As part of the DELTA you have to try out a methodology that you’ve never done before. I chose Community Language Learning (CLL). When I first read about CLL I thought it was madness. Why would you put your students in a circle, give them so much control, and spend half the lesson recording one conversation?
Here are the basic stages:
1- Students come in the room and sit in a circle.
2- You explain they are going to have a conversation about what they like and you are going to help them translate and make a recording.
3- They decide on a topic.
4- One student gets the ball rolling. They tell you what they want to say, in their L1, you translate it into English, practise pronunciation, and then record it.
5- Someone responds. They tell you what they want to say, you translate etc etc.
6- When you have about 10 lines of conversation you ask if they can remember all of it before you play it back.
7- Then you type / write it up on the board, with the L1 underneath.
8- Students ask any questions about vocabulary, grammar, and spelling.
9- You act as a human computer as students ask you to repeat any words or phrases.
10- They practise the conversation and use the language to make new sentences or a dialogue.
I did my lesson last week with my FCE class and we had a ball. Here’s a quick list of pros and cons:
Pros
·         The students control what they speak about.
·         You don’t have to prepare much.
·         Some interesting vocabulary came out of the lesson, mainly new phrasal verbs that they didn’t know.
·         They enjoyed the different lesson.
·         They produced some really clear and natural English.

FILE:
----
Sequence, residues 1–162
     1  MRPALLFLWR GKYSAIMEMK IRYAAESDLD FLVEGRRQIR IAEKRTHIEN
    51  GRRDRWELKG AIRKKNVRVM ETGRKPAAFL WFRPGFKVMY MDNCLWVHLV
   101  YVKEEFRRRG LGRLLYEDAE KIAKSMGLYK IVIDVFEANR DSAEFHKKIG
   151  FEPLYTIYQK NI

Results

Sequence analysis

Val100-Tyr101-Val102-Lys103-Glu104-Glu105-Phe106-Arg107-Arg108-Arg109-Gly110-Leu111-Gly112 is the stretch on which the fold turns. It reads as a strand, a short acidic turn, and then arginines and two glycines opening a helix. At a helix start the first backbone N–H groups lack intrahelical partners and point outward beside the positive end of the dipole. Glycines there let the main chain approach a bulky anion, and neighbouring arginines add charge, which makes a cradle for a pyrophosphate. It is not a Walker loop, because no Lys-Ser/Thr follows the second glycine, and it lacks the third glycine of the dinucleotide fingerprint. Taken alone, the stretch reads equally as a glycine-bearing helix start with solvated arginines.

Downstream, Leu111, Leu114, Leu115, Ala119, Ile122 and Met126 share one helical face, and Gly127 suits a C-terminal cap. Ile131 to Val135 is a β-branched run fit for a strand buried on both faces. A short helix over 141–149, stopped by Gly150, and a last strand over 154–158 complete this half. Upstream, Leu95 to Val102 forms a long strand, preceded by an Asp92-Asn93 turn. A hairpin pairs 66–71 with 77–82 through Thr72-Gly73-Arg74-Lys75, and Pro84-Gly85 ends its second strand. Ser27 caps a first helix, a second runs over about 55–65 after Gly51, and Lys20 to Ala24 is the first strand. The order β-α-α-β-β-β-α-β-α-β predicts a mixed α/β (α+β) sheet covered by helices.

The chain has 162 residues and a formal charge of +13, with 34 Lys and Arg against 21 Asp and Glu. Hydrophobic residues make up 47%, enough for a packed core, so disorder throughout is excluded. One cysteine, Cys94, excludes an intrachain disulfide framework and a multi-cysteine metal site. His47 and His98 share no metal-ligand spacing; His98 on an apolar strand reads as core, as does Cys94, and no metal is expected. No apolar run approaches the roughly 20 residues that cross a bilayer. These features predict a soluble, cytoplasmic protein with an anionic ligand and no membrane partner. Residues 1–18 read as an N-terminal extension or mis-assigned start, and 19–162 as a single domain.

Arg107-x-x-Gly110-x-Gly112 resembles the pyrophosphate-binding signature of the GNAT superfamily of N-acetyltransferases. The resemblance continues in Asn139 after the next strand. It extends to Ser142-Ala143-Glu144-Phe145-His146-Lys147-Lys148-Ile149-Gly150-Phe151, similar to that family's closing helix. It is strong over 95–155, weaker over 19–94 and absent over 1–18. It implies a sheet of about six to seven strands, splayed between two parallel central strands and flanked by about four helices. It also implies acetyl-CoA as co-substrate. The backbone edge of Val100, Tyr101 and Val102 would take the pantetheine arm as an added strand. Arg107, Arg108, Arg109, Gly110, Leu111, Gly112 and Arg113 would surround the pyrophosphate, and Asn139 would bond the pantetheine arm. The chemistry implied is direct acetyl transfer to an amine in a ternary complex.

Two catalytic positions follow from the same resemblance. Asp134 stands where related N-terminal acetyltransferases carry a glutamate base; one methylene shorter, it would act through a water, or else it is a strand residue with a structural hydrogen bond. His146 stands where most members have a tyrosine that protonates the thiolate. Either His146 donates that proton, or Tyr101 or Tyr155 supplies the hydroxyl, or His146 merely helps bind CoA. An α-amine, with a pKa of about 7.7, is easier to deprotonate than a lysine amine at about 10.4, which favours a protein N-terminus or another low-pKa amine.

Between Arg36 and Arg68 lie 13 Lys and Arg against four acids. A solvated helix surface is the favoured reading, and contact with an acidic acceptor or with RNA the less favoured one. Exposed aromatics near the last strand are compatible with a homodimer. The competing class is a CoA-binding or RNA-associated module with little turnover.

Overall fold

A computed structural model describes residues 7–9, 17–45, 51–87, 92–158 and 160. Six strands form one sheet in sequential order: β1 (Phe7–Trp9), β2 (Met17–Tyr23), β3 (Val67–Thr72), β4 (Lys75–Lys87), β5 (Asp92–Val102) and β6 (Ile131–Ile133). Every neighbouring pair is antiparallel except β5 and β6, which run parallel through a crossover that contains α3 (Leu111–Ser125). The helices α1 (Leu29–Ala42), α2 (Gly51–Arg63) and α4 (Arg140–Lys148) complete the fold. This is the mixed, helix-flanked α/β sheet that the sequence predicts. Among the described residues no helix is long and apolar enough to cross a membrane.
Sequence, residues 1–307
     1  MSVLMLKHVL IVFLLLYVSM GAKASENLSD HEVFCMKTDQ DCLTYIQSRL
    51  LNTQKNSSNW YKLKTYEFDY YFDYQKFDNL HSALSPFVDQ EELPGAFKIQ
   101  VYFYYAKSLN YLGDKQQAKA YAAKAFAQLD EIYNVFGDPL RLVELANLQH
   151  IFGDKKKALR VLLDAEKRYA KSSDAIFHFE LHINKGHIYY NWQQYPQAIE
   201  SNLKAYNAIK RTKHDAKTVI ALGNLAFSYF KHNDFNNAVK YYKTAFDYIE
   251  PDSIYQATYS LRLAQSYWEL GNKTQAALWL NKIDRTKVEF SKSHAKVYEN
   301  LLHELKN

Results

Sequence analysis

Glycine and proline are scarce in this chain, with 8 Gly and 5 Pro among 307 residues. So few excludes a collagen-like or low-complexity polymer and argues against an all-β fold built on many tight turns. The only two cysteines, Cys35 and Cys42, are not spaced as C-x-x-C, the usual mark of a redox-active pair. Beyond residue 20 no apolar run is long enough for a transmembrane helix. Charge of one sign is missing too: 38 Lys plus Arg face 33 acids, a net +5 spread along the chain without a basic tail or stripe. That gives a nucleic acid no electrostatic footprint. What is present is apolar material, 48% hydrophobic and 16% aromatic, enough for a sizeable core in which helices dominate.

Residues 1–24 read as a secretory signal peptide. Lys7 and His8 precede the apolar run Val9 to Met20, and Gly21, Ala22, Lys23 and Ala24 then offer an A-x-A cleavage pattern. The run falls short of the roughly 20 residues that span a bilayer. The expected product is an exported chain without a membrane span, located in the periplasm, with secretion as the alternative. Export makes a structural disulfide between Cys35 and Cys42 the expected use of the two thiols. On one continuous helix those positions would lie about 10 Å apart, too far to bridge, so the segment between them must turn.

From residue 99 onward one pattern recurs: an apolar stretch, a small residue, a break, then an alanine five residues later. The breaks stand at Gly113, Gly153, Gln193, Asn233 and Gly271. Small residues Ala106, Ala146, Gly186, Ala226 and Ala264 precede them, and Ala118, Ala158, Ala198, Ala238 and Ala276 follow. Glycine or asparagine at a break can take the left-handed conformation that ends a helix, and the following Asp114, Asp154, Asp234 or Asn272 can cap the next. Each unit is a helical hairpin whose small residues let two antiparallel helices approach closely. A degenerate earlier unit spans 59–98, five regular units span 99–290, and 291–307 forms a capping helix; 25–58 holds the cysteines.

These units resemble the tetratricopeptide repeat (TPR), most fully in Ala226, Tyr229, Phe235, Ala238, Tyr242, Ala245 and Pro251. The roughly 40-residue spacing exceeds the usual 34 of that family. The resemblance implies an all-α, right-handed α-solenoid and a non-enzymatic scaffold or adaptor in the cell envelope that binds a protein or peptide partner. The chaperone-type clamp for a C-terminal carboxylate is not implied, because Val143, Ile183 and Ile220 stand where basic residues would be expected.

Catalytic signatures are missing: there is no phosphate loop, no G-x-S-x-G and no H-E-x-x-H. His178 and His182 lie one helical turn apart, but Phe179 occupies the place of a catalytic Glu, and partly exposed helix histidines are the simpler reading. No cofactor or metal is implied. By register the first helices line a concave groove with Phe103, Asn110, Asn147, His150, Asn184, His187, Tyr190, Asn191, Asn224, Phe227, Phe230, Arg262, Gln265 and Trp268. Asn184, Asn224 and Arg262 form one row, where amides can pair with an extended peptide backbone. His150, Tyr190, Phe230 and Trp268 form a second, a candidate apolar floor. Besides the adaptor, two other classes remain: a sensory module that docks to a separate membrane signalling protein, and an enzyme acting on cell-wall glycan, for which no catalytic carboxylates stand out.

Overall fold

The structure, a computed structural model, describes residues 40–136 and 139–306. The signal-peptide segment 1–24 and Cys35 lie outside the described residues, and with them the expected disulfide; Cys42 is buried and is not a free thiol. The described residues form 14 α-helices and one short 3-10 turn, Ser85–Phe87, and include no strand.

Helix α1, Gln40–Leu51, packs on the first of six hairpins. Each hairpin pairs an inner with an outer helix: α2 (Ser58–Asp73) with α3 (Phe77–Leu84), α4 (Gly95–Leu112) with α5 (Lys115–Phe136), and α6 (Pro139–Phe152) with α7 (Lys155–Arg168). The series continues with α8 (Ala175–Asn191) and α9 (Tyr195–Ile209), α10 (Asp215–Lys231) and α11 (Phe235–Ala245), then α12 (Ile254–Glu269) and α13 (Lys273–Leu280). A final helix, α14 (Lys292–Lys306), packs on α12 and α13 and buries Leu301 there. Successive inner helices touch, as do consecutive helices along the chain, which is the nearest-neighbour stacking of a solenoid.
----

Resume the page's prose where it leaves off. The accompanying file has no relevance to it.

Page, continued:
Cons
·         It was hard work translating.
·         At times there were awkward silences.
·         They didn’t speak as much as in a normal lesson.
·         It took ages to write up the Spanish.
·         Only a few new words came out of the session.
I think I’ll try it again, maybe with a lower level class, but it’s not something I would do every week.
What lies ahead?
Well, in 3 weeks it’s time for the biggy: LSA4; observed and marked externally. I’m not sure if I’m going to be more or less sweaty because I don’t know the person, or just be shitting my pants more because how important it is. Basically if you fail the LSA4 then you can kiss the whole course goodbye. A bit harsh I think, but I’m trying to not think about failing.
After that I think I’m going to try to do module 3 as soon as possible. Not only because all the terminology will be fresh, but because I want to get on with my normal life again and spend some time trying out all the new ideas. Plus I’m going to be a Daddy next term and I guess I won’t have that much time left for a DELTA.
Are you thinking of doing a DELTA? Have you got an LSA4 coming up? Leave a comment and let me know. 

3 thoughts on “DELTA DIARY: Can you feel the pressure?

  1. Just had my external LSA and feel depressed because I don't think it went so well – I did quite well in my internals – a merit for teaching and 2 distinctions for essays, but this is all for nothing if LSA4 isn't great – and by that time I felt burnt out..think I put too much into the internal LSAs

  2. Oh, the dreaded external LSA. 3 months of prep, stress and squeaky bum time and it's over in a flash. The thing is you never really know how well you did either or what they might pull you up on. If you've done that well so far then you should be fine. I got a pass, two merits and a merit overall for module 2 in the end. Good luck. Mr or Mrs Anonymous!

  3. Thank you – well I passed but that's all I got. I guess the message is don't bother putting 101% into the first 3 internals as they have no impact on the final grade if you only pass LSA4. A tad unfair methinks… on the bright side, just handed in module 3 this month.